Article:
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Jaques is one of Duke Senior's attendants and he's got a well-deserved reputation for being "melancholy." We might even say that Jaques enjoys being sad and mopey because he purposefully seeks out experiences that are depressing.
And just about everything depresses this guy. "I can suck / melancholy out of a song, as a weasel sucks eggs," he brags (2.5.12-13). In other words, if Jaques were a modern teenager, he'd be wallowing around his bedroom on a Friday night listening to depressing music on his iPod while everyone else was out having fun. Seriously. Jaques even refuses to take part in the wedding festivities at the end of the play. While everyone else is getting down on the dance floor, Jaques announces that he's just going to go back to Duke Senior's "abandoned cave" (5.1.206).
You're probably thinking "Gee, this guy sounds even more depressed than Hamlet." You're so right, Shmoopster, but the difference between Jaques and Hamlet is this: Hamlet has got a few things to be bummed about (like the fact that his uncle killed his dad, married his mom, and told him to stop being a baby about it). What's Jaques got to be sad about? Not much.
Yet that doesn't stop Jaques from seeing himself as a moody philosopher with brilliant insight into humanity. In fact, he says he wants to be a licensed fool like Touchstone. (Basically, a "licensed fool" is a court jester with an actual license to say whatever he wants, like Feste from Twelfth Night). But is Jaques as smart or insightful as he thinks he is? We think not.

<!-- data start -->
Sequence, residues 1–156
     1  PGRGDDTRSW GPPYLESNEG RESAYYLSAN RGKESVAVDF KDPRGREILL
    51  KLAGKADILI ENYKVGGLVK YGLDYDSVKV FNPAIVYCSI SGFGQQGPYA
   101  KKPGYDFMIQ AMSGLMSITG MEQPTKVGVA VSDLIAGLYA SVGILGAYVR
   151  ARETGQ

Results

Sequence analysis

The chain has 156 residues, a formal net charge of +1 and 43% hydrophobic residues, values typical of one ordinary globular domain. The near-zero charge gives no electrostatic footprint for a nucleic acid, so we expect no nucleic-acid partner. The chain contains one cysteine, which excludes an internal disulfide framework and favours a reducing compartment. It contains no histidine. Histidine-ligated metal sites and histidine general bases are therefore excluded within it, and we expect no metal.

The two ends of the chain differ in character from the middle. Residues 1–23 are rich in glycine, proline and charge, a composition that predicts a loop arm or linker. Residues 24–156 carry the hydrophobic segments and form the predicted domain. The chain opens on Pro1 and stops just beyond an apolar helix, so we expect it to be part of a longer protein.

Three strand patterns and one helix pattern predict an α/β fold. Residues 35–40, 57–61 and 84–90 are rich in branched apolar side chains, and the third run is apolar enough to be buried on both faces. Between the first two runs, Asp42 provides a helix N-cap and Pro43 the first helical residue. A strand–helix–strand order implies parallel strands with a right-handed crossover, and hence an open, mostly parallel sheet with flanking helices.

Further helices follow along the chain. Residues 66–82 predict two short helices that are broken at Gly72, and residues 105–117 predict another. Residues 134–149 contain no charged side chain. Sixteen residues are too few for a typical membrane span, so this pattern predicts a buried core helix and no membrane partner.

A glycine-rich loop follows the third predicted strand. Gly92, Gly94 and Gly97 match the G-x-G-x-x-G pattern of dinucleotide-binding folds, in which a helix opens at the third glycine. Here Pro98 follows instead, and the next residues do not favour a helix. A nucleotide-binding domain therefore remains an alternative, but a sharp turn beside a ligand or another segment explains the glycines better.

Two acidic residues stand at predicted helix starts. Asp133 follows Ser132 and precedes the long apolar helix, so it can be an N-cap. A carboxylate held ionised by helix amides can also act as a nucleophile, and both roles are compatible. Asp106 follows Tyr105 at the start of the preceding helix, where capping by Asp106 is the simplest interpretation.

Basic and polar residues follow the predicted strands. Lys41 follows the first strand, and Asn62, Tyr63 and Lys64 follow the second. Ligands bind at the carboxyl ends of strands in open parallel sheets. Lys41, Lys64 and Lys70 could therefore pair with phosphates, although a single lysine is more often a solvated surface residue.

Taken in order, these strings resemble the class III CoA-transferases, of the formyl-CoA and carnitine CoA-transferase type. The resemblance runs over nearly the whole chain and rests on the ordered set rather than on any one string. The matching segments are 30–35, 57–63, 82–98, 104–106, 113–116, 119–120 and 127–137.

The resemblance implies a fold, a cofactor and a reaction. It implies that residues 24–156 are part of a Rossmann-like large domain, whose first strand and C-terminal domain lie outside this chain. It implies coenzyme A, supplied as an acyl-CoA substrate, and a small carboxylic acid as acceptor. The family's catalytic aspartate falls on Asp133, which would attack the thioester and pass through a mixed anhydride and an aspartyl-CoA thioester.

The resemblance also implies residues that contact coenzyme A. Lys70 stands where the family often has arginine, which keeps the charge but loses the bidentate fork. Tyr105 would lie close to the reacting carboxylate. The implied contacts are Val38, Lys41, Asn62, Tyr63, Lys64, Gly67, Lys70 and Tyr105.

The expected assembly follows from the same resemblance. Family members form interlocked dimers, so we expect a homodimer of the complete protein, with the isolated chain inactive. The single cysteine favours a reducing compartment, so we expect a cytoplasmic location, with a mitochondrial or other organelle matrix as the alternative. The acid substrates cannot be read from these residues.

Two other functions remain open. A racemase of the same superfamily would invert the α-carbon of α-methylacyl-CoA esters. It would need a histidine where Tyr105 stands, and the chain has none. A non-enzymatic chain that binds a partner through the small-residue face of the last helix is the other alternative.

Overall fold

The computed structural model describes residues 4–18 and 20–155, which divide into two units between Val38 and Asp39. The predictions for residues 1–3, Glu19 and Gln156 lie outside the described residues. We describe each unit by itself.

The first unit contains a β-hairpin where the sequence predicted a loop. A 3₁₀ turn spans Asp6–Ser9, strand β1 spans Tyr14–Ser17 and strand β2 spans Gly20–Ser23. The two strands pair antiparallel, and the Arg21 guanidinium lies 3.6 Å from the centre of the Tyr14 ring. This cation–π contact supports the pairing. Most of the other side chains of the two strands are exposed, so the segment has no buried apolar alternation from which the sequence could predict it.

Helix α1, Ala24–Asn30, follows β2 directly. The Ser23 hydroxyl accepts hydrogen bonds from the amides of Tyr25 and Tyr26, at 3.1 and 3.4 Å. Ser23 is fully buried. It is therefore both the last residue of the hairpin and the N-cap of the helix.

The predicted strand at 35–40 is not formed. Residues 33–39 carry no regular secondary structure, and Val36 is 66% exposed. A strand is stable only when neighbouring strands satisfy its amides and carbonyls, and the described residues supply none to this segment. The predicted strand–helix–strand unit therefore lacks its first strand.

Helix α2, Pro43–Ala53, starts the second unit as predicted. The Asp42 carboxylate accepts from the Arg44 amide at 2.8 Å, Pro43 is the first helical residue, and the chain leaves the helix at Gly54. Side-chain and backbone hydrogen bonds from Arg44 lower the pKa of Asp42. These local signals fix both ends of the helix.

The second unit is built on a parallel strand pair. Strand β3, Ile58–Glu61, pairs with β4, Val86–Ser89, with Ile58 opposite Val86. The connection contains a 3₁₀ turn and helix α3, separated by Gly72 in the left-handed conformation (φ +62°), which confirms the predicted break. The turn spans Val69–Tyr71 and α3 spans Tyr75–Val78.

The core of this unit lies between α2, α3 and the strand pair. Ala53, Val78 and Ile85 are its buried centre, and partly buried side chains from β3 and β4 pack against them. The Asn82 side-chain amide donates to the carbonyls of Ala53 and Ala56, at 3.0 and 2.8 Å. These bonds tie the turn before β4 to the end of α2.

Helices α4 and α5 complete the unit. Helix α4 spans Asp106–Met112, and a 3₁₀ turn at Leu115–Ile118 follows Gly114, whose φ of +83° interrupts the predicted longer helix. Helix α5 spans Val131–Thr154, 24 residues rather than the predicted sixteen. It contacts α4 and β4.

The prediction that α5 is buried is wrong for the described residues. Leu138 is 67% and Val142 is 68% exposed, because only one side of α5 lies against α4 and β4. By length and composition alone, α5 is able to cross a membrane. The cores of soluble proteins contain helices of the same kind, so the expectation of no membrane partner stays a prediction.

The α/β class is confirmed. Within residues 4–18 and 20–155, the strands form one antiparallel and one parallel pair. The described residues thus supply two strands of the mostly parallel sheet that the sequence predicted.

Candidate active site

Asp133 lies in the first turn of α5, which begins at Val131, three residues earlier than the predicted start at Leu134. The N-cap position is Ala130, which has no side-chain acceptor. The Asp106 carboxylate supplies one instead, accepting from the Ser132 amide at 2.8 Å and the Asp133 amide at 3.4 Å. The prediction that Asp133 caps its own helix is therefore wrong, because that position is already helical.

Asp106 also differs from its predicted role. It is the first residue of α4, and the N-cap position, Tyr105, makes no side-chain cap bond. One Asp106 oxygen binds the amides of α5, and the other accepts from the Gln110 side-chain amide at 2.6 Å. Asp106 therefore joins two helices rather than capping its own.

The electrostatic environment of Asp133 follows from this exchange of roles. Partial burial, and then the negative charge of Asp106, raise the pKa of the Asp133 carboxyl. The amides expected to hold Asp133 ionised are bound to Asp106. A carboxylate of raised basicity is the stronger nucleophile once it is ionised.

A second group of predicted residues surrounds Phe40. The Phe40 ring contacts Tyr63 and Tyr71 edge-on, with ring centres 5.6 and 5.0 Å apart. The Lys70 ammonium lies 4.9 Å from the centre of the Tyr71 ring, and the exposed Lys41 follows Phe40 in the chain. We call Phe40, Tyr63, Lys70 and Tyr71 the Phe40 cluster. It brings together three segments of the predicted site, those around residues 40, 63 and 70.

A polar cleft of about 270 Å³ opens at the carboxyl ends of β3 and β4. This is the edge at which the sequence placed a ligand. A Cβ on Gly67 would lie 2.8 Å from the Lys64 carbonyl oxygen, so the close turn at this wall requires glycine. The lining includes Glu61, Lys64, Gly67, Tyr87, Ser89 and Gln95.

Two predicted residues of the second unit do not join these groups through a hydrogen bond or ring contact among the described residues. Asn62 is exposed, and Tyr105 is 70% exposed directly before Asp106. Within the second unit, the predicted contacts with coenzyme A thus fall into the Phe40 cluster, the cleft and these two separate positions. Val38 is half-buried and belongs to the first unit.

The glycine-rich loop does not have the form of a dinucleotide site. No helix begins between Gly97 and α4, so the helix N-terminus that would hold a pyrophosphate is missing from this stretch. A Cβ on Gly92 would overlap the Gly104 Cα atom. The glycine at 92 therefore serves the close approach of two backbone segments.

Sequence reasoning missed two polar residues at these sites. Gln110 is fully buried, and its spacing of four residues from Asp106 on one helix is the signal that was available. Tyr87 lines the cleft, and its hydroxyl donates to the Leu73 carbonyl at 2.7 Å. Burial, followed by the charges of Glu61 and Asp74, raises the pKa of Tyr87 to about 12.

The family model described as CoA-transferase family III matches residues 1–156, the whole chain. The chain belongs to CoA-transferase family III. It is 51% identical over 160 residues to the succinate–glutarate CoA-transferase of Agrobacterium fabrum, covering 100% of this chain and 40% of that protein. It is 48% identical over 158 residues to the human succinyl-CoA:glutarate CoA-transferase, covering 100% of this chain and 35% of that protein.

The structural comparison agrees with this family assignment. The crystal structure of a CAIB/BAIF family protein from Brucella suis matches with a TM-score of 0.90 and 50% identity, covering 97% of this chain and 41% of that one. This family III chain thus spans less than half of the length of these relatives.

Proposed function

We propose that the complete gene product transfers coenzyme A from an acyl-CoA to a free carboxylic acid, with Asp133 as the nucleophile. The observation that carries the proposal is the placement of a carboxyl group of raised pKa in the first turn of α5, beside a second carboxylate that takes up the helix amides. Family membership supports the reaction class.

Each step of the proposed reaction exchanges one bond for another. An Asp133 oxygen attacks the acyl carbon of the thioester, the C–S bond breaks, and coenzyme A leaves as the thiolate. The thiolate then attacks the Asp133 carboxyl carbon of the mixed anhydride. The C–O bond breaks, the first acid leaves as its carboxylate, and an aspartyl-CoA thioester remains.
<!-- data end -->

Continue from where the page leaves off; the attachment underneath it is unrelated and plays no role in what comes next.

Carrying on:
What? You want an example? Fine. Check out a sampling of Jaques's most famous speech:
All the world's a stage,
And all the men and women merely players.
They have their exits and their entrances,
And one man in his time plays many parts,
His acts being seven ages. [...] (2.7.146-150)
When Jaques declares that "all the world's a stage," he's right. Life is a lot like one big theater performance and there's a lot of theatricality involved in day-to-day living. (Just ask cross-dressing Rosalind.) That said, this concept was already a big fat cliché by the time Jaques said it, so he ends up sounding like a big poseur. (Go to "Symbolism, Imagery, Allegory" for more on this.)
We sort of see why Nobel Prize-winning playwright George Bernard Shaw found him "exasperating" and hated Jaques's penchant for "sham moralizing." On the other hand, we think the great thing about the character is the fact that Shakespeare knows Jaques is full of bologna. Why else would Big Willy name the guy "Jaques" (pronounced jay-kweez), a word that basically means "toilet"? It seems like Shakespeare is pretty up-front about the fact that Jaques is full of crapola, don't you think?